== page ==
Overseas Couples

Flowergirl with confetti

Chloe as a Flowergirl

I live 1 hour north of Sydney and am happy to conduct your service in Sydney or up on the beautiful Central Coast where I live.

If you are living outside Australia and would like to get married here,  we can easily create your vows and arrange your ceremony through emails, the postal service,telephone calls and Skype. When you do arrive in Australia, I will look forward to us meeting and if you wish we will have a ceremony rehearsal before your very special and important day.

If you choose to use me as your celebrant, you will need to confirm with me by email, a date, time and venue if you have chosen one. You will need to fill in a legal document called a Notice of Intention to Marry (NOIM.) By Australian Law, I need to have received the (NOIM) form at least one calendar month before your wedding day, but no more than eighteen months before your proposed wedding date.

You can download and print a copy of the NOIM here and the NOIM must then be filled out and then signed in the presence of one of the following:

If a party signs the notice outside Australia –

  • an Australian Diplomatic Officer; or
  • an Australian Consular Officer; or
  • an employee of the Commonwealth authorised under paragraph 3(c) of the Consular Fees Act 1955; or
  • an employee of the Australian Trade Commission authorised under paragraph 3(d) of the Consular Fees Act 1955; or
  • • a notary public.

To see a list of the Australian Embassies & Consulates visit http://www.dfat.gov.au/missions/(Please note that you will need to make an appointment to see Australian Consulate Officers.)

Once you have filled out the NOIM and had the NOIM witnessed, you will then need to email the scanned document  to me as soon as it has been witnessed.

Once emailed, please send the Notice of Intended Marriage form to me by registered mail together with certified copies of your proof of identity. (Original Birth Certificates preferred, please discuss this with me.)

I will also still need to see the original certificates when you get here, because, by Australian Law, I cannot marry you without seeing the original documents. So do not forget to bring them with you, or that would be a disaster.

Once the legal documentation is taken care of and you arrive in Australia, I will look forward to meeting you and if required, we can have a rehearsal.


You will be presented with a certificate to show that you are married. However, this in not the official registered certificate. Once I have completed the ceremony and whilst you are celebrating with family and friends, I come home to my office and register the marriage on line and then need to send all the documentation into NSW Births Deaths and Marriages (BDM). If we have organised it, the application for the official certificate will be included with the other documentation. The BDM will then send out your official certificate to the address that you nominate.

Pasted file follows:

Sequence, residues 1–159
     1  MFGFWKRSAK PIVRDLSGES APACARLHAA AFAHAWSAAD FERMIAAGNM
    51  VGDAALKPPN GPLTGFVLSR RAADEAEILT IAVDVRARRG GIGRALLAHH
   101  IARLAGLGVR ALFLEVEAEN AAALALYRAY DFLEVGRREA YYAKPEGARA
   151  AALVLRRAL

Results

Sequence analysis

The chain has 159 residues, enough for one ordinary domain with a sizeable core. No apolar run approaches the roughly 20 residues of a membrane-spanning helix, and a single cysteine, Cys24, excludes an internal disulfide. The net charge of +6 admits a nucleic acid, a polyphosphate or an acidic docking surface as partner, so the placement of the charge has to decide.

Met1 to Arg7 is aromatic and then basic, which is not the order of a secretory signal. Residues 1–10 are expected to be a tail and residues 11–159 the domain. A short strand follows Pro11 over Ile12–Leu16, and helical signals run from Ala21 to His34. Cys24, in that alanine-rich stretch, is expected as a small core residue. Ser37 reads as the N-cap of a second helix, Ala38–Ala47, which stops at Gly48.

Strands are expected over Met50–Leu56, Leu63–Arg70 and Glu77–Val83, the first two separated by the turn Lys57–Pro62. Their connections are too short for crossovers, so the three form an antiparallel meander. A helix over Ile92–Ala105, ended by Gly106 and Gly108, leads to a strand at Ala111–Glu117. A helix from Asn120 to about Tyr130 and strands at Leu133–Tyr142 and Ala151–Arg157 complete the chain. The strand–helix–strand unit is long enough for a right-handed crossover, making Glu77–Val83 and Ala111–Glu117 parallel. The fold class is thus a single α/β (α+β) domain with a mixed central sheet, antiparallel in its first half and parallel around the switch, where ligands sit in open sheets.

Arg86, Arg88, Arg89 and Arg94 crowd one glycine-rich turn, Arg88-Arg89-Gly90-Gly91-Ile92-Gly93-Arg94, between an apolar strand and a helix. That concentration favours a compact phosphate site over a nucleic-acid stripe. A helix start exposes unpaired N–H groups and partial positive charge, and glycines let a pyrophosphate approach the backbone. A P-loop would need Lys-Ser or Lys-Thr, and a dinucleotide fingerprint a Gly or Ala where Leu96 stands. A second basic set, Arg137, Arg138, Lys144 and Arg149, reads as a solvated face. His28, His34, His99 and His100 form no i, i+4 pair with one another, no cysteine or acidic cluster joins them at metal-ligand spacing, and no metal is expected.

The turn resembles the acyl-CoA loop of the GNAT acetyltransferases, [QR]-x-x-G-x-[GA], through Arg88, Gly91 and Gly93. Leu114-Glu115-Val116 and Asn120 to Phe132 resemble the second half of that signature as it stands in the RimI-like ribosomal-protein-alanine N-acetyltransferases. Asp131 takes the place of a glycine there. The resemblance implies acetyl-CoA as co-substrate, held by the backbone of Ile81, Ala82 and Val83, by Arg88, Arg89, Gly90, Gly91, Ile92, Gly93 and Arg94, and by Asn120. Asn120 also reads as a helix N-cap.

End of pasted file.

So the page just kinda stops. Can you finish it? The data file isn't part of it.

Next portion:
When you receive your official registered certificate, this will then allow you to change your name. However, some overseas governments  need proof that Australian documents, or the signatures of Australian officials on documents, are genuine before they will accept them. It is best that you check with your country of origin whether this is a requirement or not.  The Department of Foreign Affairs and Trade (DFAT) will certify that a signature, stamp or seal on an official Australian document is genuine by checking it against a specimen held on file, and stamping the document with an authentication or apostille.

This is a legal process. DFAT will only issue stamps once satisfied that the signature, stamp or seal on a document is not fraudulent. Instances of attempted fraud in the past mean that DFAT needs to be cautious about issuing its stamp.

Australia is a signatory to The Hague Convention Abolishing the Requirements of Legalisation for Foreign Public Documents. This means that where your government requires proof that Australian documents are genuine before they will accept them,  DFAT will certify that official signatures, stamps or seals on a document are genuine by checking them against a specimen held on file, and stamping the document with an Apostille or Authentication. Please follow the link in the previous paragraph to see how this process works.

You will require the official registered copy of your marriage certificate for this purpose and a fee is payable to DFAT. As it may take a few weeks to receive your official registered certificate, the postal option on the website above is probably best.